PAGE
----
Marty Balin of Jefferson Starship died yesterday.

Marty Balin, co-founder of the psychedelic rock band Jefferson Airplane, has died. He was 76.

According to a statement released on Balin’s Facebook page Friday, the singer died on Thursday with his wife, Susan Joy Balin, “by his side.”

The cause of death was not announced.

“Marty and I shared the deepest of love — he often called it Nirvana — and it was,” Susan said in the statement. “But really, we were all touched by his love. His presence will be within my entire being forever.”

Balin and guitarist Paul Kantner first formed Jefferson in San Francisco in the mid-1960s, at the height of the psychedelic rock era. Kantner died in 2016 at age 74.

The band’s hits, sung by lead singer Grace Slick, included “Somebody to Love” and “White Rabbit.”

Later in his career, Balin, Kantner and Slick teamed up again for the band’s successor group, Jefferson Starship.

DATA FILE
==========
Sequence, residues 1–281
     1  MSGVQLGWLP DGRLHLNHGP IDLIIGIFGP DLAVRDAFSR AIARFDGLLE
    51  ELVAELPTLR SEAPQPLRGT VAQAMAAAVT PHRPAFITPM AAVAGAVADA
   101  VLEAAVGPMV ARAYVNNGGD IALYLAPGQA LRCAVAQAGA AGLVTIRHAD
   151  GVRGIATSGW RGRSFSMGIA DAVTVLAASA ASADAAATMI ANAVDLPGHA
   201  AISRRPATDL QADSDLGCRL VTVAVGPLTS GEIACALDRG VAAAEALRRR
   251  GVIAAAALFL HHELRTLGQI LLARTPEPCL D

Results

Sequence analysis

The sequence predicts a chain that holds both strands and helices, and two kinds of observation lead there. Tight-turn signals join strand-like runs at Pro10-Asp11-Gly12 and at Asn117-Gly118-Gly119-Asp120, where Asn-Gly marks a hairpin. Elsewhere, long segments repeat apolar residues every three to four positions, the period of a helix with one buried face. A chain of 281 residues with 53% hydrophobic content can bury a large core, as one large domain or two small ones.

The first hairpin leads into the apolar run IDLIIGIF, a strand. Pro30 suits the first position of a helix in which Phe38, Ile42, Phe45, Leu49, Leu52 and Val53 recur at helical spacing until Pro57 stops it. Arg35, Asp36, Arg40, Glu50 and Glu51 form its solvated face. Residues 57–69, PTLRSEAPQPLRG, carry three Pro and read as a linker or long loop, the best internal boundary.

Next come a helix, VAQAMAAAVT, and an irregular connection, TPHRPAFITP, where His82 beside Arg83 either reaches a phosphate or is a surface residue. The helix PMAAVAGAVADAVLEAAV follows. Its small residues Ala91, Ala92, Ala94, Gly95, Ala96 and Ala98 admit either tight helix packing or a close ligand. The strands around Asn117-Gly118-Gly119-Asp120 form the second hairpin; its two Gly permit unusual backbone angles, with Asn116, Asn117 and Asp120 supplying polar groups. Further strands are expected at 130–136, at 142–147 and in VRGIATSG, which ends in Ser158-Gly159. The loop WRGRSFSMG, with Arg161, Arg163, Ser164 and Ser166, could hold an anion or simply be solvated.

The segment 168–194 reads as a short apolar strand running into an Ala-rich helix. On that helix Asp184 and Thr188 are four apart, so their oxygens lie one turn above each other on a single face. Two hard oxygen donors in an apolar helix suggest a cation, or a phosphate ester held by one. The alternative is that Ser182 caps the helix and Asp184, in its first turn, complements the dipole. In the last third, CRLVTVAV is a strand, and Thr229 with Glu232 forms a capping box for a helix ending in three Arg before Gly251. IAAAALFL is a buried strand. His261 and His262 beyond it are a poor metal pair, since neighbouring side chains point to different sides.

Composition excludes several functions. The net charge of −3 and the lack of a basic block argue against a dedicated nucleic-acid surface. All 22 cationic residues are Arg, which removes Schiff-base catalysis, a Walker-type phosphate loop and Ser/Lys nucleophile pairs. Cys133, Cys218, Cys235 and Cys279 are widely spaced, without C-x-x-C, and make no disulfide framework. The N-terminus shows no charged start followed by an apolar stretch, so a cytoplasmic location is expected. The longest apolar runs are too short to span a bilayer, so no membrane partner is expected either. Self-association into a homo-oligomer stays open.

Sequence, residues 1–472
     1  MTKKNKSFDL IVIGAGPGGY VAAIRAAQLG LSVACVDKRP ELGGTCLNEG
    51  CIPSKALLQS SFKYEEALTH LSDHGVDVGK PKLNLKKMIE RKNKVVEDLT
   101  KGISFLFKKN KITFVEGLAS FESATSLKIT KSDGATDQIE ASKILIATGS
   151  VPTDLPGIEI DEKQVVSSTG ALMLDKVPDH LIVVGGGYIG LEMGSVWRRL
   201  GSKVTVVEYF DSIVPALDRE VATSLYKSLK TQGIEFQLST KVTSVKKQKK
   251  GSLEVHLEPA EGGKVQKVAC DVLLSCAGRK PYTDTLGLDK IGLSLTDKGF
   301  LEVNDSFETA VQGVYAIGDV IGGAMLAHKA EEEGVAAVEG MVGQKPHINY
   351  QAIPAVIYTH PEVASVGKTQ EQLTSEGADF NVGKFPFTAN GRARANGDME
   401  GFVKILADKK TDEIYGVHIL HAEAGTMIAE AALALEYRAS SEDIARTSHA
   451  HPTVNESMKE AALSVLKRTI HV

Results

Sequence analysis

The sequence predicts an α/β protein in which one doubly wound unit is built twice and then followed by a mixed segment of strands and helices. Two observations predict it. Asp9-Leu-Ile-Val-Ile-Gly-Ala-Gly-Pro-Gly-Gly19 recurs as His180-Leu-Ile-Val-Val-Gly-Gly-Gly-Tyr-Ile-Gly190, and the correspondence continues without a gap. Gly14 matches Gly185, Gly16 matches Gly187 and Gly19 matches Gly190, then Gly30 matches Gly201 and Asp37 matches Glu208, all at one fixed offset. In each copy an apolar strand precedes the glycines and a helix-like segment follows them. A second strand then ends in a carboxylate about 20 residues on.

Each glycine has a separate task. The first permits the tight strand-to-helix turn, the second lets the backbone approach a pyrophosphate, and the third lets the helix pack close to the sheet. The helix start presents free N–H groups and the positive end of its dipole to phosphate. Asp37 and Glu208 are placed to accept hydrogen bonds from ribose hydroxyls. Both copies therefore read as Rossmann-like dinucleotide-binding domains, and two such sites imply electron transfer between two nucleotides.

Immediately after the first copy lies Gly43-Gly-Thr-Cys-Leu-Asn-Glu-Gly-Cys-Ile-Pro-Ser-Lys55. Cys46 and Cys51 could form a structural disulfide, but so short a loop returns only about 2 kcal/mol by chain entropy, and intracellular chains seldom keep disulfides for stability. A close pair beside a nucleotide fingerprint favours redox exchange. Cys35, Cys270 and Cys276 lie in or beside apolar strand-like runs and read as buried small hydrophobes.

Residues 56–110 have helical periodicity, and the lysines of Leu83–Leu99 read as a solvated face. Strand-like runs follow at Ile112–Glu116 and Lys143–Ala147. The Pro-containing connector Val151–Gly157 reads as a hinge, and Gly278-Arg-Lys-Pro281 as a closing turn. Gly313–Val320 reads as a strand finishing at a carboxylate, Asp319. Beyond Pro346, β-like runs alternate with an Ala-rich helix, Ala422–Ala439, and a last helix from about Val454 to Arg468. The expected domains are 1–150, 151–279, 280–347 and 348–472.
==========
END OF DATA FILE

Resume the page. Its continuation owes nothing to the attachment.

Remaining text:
He left the band in 1978.

In 2016, the late singer underwent open-heart surgery, the New York Post reported at the time. Balin later sued New York’s Mount Sinai Beth Israel Hospital, claiming the hospital ruined his musical career with a botched tracheotomy following the surgery.

Besides Susan, Balin is survived by daughters Jennifer Edwards and Delaney Balin, and stepdaughters Rebekah Geier and Moriah Geier.

This entry was posted in Misc. Bookmark the permalink.


  1. Leonard Jones says:

    I used to have that album on vinyl. It is one of the few of my classic rock albums
    that I failed to replace with CDs. Their earliest material was their best.

  2. bogsidebunny says:

    Wow, the memories of days gone by. It seems like just yesterday I listened to J.A then J.S . R.I.P. Marty!

  3. taminator013 says:

    More of the soundtrack of my youth. RIP Marty……..

  4. redneckgeezer says:

    Like a dumbass, a couple of navy buddies and I went to the Fillmore West to hear Jefferson Airplane. Was cool to see them live, but our whites turned to reds after a few tomatoes came our way.

Comments are closed.